A retired Canadian Judge has been appointed to assess David Bain’s compensation claims for wrongful imprisonment and conviction.
Lawyers that have worked alongside Mr Bain in the past notified justice minister Simon Power last year of his intention to claim compensation but have since been unsuccessful in seeking legal aid.
He is now attempting to pursue his compensation claim without legal aid and without his former representation.
Justice Minister Simon Power said in a media statement retired Canadian Supreme Court Judge Ian Binnie would assess the compensation claim.
“Due to the long-running and high-profile nature of the case, and after consultation with Mr Bain’s lawyers, it was decided a judge from outside New Zealand would be appointed,” Mr Power said.
Bain was acquitted of murdering his Dunedin based family after 13 years in prison and a lengthy 3-month trial in 2009. In March 2010 Mr Bain notified the minister he would claim for compensation for wrongful conviction and imprisonment.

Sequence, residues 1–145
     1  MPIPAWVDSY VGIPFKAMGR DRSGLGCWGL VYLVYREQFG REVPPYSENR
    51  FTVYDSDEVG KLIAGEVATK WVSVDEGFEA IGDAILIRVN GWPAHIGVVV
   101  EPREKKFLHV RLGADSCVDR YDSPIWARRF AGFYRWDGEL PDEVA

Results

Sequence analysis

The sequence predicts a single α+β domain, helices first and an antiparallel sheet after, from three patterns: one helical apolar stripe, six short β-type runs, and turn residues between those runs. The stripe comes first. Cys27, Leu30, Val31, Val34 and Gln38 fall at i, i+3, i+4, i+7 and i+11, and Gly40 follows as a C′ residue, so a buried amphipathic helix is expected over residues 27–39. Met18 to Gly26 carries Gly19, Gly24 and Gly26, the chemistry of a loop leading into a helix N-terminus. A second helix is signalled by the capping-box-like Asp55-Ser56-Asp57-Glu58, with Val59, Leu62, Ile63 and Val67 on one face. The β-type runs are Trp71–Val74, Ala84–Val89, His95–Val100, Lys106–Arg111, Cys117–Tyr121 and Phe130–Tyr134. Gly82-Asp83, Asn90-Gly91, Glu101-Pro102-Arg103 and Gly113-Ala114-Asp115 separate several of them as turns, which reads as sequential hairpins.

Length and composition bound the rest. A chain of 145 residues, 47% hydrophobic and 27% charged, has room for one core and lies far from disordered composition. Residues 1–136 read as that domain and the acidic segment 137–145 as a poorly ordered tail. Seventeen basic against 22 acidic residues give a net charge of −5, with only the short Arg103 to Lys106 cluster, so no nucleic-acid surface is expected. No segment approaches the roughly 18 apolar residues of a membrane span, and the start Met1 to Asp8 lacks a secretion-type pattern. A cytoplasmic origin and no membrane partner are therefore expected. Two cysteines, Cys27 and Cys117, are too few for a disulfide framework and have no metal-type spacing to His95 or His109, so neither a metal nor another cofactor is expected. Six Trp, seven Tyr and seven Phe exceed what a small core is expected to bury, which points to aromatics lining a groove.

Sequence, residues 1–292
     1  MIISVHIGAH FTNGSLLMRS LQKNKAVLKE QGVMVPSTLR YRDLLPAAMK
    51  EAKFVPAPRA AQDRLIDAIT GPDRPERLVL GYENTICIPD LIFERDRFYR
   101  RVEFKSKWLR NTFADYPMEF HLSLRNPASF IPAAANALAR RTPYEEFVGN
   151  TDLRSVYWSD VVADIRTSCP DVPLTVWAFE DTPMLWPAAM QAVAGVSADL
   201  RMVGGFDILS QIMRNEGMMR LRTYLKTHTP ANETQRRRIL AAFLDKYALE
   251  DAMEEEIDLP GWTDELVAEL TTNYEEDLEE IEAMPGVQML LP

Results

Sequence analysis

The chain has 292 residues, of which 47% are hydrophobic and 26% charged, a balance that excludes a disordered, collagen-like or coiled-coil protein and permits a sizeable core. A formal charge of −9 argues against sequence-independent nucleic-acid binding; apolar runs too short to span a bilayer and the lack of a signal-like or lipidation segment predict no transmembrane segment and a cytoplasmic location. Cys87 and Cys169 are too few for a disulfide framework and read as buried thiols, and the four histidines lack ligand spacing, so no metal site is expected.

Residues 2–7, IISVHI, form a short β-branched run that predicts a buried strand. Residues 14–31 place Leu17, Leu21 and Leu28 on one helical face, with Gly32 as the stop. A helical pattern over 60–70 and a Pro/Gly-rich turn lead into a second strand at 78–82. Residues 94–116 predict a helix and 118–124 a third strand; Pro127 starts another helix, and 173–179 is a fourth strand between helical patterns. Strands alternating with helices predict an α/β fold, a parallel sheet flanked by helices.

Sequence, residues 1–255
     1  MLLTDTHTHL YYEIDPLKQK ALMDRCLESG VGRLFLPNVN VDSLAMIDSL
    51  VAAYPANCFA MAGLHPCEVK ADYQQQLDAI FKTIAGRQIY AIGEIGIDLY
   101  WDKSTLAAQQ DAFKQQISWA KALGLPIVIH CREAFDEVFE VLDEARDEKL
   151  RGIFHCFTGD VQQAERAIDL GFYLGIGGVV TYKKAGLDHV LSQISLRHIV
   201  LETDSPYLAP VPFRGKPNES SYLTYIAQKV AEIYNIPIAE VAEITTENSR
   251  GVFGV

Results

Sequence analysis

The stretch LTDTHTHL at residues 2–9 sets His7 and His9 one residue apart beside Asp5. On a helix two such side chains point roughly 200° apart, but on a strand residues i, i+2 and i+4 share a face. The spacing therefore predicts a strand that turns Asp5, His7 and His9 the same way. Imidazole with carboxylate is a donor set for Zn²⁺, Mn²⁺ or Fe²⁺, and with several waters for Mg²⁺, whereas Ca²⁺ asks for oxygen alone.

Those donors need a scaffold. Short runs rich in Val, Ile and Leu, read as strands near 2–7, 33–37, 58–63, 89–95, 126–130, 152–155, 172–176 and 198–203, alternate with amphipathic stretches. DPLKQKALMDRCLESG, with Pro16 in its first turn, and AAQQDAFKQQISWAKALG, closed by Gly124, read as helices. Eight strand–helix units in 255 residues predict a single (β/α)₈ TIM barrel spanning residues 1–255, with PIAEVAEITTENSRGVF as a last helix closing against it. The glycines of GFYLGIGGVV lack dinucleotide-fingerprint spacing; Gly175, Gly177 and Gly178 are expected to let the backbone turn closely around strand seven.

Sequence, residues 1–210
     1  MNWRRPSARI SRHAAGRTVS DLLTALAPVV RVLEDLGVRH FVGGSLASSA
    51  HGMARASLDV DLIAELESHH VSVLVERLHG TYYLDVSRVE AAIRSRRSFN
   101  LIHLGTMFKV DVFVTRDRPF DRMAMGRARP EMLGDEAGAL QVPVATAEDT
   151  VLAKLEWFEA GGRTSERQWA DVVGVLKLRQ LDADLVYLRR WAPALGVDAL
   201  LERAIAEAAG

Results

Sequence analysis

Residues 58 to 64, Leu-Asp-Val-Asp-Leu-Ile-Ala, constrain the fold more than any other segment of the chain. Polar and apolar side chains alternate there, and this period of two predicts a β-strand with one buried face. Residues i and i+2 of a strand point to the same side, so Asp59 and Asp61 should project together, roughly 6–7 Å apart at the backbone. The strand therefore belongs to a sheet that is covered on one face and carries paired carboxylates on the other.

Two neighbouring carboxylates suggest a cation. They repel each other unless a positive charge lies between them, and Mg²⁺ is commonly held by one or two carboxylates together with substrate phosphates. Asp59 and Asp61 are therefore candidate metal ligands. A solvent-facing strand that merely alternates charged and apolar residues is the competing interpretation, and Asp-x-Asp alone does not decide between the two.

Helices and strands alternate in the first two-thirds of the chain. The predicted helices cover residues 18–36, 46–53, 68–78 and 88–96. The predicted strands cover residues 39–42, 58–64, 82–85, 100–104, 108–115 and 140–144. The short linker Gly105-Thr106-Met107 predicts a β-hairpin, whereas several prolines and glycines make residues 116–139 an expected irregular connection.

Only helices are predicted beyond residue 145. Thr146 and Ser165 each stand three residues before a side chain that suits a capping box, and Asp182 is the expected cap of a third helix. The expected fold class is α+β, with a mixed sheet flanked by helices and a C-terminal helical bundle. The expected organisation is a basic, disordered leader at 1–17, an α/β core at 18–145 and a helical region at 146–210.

Mr Power said Mr Bain’s claim for compensation falls outside existing Cabinet guidelines because he was acquitted following a retrial in 2009.
“Because [Bain’s] case falls outside the guidelines, something more is required that demonstrates that the circumstances are extraordinary, and Justice Binnie will decide the best process for assessing Mr Bain’s claim against this test,” said Mr Power.
“Justice Binnie’s appointment is a significant step in attempting to resolve Mr Bain’s claim for compensation and a step towards achieving finality in this case.”
Justice Binnie has a distinguished career and was chosen from an extensive list of several senior judges. He was appointed as Queen’s counsel (Ontario) in 1979 and later served as Canada's associate deputy minister of justice from 1982 to 1986.
After politics he served on the bench of the Supreme Court of Canada for over 13 years.
Justice Binnie will immediately begin work on the case.